Charles Baudelaire Quotes

Hypocrite reader—my fellow—my brother!
Charles Baudelaire (1821-1867), French poet. Les Fleurs du Mal, preface (1857).
(5) (4)
Nature ... is nothing but the inner voice of self-interest.
Charles Baudelaire (1821-1867), French poet. repr. In Selected Writings on Art and Artists, ed. P.E. Charvet (1972). "The Painter of Modern Life," sct. 11, L'Art Romantique (1869).
(4) (3)
Multitude, solitude: equal and interchangeable terms for the active and prolific poet.
Charles Baudelaire (1821-1867), French poet, critic. Little Poems in Prose (Paris Spleen), "Crowds," (1861).
(1) (3)
All which is beautiful and noble is the result of reason and calculation.
Charles Baudelaire (1821-1867), French poet, critic. The Painter of Modern Life, XI "In Praise of Cosmetics," (1863).
(7) (3)
My soul travels on the smell of perfume like the souls of other men on music.
Charles Baudelaire (1821-1867), French poet, critic. Little Poems in Prose (Paris Spleen), "A Hemisphere in a Head of Hair," (1857).
(5) (3)
The idea which man forms of beauty imprints itself throughout his attire, rumples or stiffens his garments, rounds off or aligns his gestures, and, finally, even subtly penetrates the features of his face.
Charles Baudelaire (1821-1867), French poet, critic. The Painter of Modern Life, I "Beauty, Fashion, and Happiness," (1863).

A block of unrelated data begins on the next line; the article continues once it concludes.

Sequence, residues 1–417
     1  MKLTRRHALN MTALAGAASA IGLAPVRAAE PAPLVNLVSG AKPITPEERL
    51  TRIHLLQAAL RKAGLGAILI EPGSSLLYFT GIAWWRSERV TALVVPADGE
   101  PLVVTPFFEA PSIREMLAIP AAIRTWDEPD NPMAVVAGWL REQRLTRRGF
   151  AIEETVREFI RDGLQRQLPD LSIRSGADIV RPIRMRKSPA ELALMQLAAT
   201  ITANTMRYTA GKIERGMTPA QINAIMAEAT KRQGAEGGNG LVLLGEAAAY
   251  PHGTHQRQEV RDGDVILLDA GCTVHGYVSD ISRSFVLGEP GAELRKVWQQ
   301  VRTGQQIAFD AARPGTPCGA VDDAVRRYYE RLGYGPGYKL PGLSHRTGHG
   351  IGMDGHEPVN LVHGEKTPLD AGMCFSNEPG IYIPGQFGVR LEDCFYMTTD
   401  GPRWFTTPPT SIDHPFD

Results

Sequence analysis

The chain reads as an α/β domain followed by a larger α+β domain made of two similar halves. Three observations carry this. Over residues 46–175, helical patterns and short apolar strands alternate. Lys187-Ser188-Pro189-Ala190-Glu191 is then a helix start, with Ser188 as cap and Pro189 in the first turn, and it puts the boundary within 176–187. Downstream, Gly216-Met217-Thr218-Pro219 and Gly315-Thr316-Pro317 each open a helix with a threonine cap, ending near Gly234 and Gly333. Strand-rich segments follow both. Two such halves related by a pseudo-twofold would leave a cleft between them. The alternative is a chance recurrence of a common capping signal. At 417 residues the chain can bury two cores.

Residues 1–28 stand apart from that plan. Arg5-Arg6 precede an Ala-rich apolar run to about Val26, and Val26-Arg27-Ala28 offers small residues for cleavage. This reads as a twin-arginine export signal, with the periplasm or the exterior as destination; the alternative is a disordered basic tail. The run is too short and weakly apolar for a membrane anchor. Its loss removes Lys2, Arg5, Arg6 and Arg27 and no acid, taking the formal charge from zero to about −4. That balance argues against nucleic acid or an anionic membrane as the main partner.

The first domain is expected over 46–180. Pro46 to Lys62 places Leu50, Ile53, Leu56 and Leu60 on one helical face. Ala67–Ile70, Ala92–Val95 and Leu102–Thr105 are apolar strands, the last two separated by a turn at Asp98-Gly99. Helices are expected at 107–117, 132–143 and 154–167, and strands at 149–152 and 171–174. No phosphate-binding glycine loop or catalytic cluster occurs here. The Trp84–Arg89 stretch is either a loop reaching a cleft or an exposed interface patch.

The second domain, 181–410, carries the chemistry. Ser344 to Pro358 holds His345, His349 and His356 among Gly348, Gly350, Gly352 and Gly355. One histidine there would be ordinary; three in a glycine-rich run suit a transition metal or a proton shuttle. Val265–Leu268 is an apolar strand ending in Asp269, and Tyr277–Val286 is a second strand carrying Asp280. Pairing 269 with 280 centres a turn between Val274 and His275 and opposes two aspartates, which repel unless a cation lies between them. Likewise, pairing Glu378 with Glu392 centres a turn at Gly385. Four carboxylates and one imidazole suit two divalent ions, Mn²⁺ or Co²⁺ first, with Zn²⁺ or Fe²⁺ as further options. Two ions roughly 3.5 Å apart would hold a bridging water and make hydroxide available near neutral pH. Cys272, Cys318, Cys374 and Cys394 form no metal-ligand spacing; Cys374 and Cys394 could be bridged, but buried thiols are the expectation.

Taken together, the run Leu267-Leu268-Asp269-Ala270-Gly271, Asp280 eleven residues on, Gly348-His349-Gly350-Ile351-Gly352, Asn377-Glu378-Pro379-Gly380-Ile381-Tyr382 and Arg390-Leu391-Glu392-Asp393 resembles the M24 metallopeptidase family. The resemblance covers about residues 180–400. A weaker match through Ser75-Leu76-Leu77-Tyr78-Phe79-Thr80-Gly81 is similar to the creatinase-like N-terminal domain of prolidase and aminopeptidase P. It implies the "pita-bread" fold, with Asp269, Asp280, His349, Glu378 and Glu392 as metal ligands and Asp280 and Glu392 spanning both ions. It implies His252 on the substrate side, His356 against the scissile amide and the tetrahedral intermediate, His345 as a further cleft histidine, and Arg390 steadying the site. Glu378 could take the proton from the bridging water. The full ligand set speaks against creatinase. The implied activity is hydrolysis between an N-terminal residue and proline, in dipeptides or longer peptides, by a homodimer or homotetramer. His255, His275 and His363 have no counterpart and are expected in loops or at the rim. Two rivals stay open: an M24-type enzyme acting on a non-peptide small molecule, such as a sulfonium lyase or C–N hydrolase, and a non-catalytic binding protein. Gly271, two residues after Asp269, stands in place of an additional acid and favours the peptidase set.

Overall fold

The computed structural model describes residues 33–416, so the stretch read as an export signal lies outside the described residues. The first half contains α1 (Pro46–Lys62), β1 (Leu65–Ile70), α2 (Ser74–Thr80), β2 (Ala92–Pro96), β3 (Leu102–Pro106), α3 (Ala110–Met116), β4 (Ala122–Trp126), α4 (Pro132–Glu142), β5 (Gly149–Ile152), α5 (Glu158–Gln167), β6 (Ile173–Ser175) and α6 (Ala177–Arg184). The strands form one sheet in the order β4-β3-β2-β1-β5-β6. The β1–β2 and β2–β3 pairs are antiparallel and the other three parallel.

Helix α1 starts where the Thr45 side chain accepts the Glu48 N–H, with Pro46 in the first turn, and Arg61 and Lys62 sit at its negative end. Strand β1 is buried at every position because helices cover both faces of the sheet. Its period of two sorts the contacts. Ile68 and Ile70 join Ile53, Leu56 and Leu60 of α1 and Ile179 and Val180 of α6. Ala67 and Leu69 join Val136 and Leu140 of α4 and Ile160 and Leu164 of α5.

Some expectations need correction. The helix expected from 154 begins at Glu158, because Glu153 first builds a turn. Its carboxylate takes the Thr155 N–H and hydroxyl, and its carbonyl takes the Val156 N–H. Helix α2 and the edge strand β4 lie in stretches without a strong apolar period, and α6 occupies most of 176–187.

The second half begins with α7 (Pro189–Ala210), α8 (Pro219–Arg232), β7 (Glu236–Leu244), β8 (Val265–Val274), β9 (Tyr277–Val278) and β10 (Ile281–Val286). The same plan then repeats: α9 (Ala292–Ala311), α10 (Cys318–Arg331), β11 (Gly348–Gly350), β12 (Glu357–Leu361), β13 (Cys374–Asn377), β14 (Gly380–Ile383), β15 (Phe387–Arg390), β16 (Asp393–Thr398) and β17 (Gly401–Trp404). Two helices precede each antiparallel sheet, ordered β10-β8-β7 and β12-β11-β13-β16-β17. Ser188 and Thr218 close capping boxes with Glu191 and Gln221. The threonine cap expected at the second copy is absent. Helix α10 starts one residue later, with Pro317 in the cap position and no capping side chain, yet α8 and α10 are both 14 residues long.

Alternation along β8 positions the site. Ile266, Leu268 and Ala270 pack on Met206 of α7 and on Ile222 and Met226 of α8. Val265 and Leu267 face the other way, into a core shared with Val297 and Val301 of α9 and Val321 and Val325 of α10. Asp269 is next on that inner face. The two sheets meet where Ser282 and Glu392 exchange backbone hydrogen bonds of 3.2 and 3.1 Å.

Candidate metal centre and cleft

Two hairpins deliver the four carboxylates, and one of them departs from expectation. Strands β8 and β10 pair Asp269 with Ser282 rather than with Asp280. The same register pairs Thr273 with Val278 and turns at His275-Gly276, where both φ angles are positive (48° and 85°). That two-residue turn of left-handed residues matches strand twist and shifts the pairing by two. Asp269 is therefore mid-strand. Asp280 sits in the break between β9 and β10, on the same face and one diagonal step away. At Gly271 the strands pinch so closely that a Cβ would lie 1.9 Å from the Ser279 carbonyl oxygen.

(2) (2)
The study of beauty is a duel in which the artist cries with terror before being defeated.
Charles Baudelaire (1821-1867), French poet, critic. Little Poems in Prose (Paris Spleen), "The Confiteor of the Artist," (1862).
(3) (4)
"Modernity" signifies the transitory, the fugitive, the contingent, the half of art of which the other half is the eternal and the immutable.
Charles Baudelaire (1821-1867), French poet, critic. The Painter of Modern Life, IV "Modernity," (1863).
(6) (4)
This life is a hospital in which each patient is obsessed with the desire to change beds.
Charles Baudelaire (1821-1867), French poet, critic. Little Poems in Prose (Paris Spleen), "Anywhere Out of the World," (1867).
(7) (3)
Love is the natural occupation of the man of leisure.
Charles Baudelaire (1821-1867), French poet, critic. The Painter of Modern Life, IX "The Dandy," (1863).
(3) (4)